Try out some of the apps available, I was surprised how good they are and once you get past that initial getting used to it phase you may find you are more productive as a result. I use Todoist for my lists now, what apps do you use that have made you a little more eco?
26th Support your community farm. These are great places for a number of reasons:
*Large green area where wildlife can thrive
*Great place to educate kids on food growth and an appreciation of eco systems
*Buy food in the cafe that has largely been grown on site so low carbon footprint.
Without support they will disappear.
27th Avoid glitter. Most glitter is a microplastic and because of its small size and weight is easily carried by wind and water in to nature. The cosmetic companies are starting to get rid of microplastics but there is still a long way to go in other industries to stem the flow of them ending up in the environment. If you really can’t be without it there are some products claiming to be compostable glitter but I haven’t looked into these yet.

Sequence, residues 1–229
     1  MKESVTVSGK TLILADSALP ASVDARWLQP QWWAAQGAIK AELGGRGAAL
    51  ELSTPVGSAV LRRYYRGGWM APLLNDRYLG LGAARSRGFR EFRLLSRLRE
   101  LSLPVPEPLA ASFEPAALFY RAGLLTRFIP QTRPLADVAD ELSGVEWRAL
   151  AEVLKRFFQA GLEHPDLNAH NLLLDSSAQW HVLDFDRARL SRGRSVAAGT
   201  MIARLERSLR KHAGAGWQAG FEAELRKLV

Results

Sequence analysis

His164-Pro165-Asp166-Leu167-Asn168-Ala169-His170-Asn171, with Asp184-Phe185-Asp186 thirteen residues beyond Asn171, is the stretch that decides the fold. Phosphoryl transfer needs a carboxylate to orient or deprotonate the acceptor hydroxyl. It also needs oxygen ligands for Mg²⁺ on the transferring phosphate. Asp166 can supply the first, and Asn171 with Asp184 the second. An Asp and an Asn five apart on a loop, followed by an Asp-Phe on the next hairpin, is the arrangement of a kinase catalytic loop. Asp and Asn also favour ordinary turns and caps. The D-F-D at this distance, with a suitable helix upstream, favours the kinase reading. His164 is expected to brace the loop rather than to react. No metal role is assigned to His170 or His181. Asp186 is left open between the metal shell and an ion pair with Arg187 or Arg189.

28th Try non plastic stationary. If you have kids going back to school or just like stationary (who doesn’t like stationary?) then have a look at the plastic free options available. You can get the pictured set which will certainly cover maths and no plastic in site. Not to mention how great it looks!
29th Check the eco credentials before you book. The hotel sector can be really bad for waste where convenience will often trump doing the environmental thing. Have a look at their housekeeping practices, energy usage, reuse and recycling initiatives, is food sourced locally and ethically...
30th Keep your hotel room footprint low. Following on from yesterday and choosing an eco hotel you then have to do your bit. When you’re home you don’t expect your bathroom to be cleaned every day or bedding and towels to just be used once so take this mentality with you. Hang your do not disturb sign or tell the reception that you are happy to reuse. Also take your own eco travel products so the mini plastic sets provided are not needed.
31st Make your own hand sanitiser. There are many websites that give guidance on this if you’re currently going through a lot of plastic bottles of it. It’s simple to make, just need to make sure your finished solution is at least 60% alcohol to be effective.